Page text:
Massed practice occurs when there is no time allocation for rest, while distributed practice occurs when there are rest periods between practices. Research has suggested that distributed practice is more effective than massed practice. This is because motivation and concentration levels are hard to maintain for long periods of time. The rest period in distributed practice enables learners to refresh and enhance their concentration and motivation levels. Fixed versus Variable practice - fixed practice is when some skills are practiced in the same conditions or situation. Variable practice is when skills are practiced in an ever-changing environment or situation. These techniques can be applied to closed and open skills. Open skills need different conditions of practice and the greater the variety, the more beneficial the practice. Therefore open skills are more effectively taught with variable practice. Closed skills will be most effectively practiced through fixed practice as this replicates the game situation. Example: for a penalty in football it is clear that the actual conditions of a penalty should be held fixed in practice. Stimuli that will vary in the game situation such as crowd noise, fatigue and different pressures regarding the score, must be varied. Conclusion Every individual is different and therefore everyone learns in different ways. There are many theories to suggest how we learn and which is the best way for teachers and coaches to present this information to new learners. However teachers and coaches do not have to stick to one theory to be most effective. If this was the case then the teacher or coach would not satisfy the whole learning group, as it is very unlikely that a group of 20 new learners would all learn most effectively from the same theory. Our learning can be affected by many factors such as our innate ability to response, our previous experiences and our ability to transfer our learning. ...read more.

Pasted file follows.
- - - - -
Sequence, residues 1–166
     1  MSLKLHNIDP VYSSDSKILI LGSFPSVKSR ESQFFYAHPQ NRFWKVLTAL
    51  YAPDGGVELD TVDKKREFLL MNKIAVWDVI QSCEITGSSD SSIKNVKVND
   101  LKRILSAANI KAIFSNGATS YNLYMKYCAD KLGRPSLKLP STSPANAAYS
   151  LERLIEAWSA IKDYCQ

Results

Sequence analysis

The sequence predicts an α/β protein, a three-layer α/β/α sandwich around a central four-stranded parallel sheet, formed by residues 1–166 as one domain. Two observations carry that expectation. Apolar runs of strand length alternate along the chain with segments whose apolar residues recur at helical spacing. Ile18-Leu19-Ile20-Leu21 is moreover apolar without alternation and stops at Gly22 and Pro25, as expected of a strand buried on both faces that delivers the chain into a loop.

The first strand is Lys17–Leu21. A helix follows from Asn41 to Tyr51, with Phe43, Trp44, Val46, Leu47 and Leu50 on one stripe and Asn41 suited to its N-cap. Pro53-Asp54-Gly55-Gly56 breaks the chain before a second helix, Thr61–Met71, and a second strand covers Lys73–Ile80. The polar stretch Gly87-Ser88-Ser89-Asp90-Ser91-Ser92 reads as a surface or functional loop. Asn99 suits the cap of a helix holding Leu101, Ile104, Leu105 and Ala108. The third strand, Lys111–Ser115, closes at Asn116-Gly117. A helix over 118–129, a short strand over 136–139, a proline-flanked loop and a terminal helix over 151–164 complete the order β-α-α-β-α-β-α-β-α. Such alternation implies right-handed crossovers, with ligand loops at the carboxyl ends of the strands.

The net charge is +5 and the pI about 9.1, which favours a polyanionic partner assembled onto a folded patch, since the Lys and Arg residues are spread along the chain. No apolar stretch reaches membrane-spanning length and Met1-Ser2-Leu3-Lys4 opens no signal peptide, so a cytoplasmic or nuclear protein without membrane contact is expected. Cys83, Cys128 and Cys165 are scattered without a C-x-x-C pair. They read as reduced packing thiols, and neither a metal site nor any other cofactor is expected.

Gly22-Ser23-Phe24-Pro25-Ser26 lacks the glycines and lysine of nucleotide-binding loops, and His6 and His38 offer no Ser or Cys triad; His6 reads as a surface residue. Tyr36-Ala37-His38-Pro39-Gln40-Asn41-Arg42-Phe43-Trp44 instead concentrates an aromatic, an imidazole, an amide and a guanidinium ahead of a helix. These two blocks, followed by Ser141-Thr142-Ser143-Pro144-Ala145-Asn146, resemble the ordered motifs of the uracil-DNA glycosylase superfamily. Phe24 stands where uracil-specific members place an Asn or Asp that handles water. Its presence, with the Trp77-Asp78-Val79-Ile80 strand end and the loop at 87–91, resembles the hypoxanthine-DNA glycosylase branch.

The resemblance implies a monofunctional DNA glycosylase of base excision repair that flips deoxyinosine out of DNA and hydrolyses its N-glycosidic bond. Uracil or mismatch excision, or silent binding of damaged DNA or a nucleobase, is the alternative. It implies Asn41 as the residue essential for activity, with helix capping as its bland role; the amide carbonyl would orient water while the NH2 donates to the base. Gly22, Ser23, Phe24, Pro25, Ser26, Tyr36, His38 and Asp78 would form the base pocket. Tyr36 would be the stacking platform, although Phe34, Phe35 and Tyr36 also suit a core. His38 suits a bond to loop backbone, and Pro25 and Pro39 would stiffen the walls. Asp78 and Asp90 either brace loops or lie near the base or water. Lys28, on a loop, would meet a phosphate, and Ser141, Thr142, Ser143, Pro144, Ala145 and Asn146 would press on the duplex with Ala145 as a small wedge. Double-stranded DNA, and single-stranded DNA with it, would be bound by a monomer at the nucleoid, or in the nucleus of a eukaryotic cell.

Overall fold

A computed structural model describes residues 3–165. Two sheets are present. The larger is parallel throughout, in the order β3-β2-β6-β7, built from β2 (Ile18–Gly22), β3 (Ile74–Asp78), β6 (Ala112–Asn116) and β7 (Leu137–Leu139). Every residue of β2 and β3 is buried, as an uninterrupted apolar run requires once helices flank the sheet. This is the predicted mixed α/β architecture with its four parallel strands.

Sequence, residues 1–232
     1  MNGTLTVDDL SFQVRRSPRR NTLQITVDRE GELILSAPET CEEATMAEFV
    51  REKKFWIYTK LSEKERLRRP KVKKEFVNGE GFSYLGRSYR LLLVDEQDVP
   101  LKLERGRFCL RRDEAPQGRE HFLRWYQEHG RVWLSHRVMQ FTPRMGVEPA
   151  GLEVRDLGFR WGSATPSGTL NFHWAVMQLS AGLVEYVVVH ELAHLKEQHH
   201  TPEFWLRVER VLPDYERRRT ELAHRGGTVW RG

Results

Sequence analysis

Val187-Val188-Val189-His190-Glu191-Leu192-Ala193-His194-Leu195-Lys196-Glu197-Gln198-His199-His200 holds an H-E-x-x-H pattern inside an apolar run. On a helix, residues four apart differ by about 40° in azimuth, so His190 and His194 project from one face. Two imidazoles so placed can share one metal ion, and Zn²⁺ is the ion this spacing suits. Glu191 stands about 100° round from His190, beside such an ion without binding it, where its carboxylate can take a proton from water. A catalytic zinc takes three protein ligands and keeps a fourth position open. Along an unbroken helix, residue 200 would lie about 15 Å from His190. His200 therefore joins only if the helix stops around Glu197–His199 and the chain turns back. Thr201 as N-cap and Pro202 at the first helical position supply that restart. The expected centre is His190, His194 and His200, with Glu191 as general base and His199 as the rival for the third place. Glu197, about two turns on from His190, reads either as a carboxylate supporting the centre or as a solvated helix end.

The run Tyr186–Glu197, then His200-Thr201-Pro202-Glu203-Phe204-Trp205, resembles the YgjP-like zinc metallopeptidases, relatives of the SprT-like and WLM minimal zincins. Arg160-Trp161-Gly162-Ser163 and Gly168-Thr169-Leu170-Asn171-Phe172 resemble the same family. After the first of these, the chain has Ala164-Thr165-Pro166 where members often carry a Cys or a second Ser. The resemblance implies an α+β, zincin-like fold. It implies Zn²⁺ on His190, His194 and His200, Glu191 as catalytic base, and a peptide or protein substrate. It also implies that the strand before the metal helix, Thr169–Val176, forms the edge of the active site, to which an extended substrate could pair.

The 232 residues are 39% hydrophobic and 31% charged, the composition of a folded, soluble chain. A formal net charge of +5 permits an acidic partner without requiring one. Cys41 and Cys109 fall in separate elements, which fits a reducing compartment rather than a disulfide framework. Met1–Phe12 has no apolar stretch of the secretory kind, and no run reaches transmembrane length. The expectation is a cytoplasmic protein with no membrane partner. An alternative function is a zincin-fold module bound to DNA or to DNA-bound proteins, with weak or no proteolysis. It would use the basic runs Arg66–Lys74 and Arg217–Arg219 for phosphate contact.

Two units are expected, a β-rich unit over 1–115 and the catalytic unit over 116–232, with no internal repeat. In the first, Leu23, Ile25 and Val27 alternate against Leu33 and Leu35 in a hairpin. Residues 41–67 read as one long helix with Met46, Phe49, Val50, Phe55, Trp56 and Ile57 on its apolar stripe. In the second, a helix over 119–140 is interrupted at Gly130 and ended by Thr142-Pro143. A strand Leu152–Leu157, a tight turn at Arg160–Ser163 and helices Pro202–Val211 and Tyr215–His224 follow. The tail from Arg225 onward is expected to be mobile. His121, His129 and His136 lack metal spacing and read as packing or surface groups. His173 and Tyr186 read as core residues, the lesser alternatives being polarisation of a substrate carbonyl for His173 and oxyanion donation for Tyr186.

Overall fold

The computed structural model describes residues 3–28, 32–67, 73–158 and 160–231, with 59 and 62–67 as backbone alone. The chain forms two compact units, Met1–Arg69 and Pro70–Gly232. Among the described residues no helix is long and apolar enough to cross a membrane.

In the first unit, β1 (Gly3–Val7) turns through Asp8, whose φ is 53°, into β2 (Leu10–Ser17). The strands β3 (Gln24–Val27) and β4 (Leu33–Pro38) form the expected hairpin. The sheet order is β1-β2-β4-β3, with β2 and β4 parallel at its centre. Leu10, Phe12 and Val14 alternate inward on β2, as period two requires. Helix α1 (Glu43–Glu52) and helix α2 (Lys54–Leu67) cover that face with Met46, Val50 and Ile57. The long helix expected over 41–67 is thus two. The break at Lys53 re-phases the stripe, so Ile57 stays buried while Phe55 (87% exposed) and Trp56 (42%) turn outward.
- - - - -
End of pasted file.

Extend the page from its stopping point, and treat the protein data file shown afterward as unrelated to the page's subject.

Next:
The above preview is unformatted text

This student written piece of work is one of many that can be found in our AS and A Level Acquiring, Developing & Performance Skill section.

Found what you're looking for?

  • Start learning 29% faster today
  • 150,000+ documents available
  • Just £6.99 a month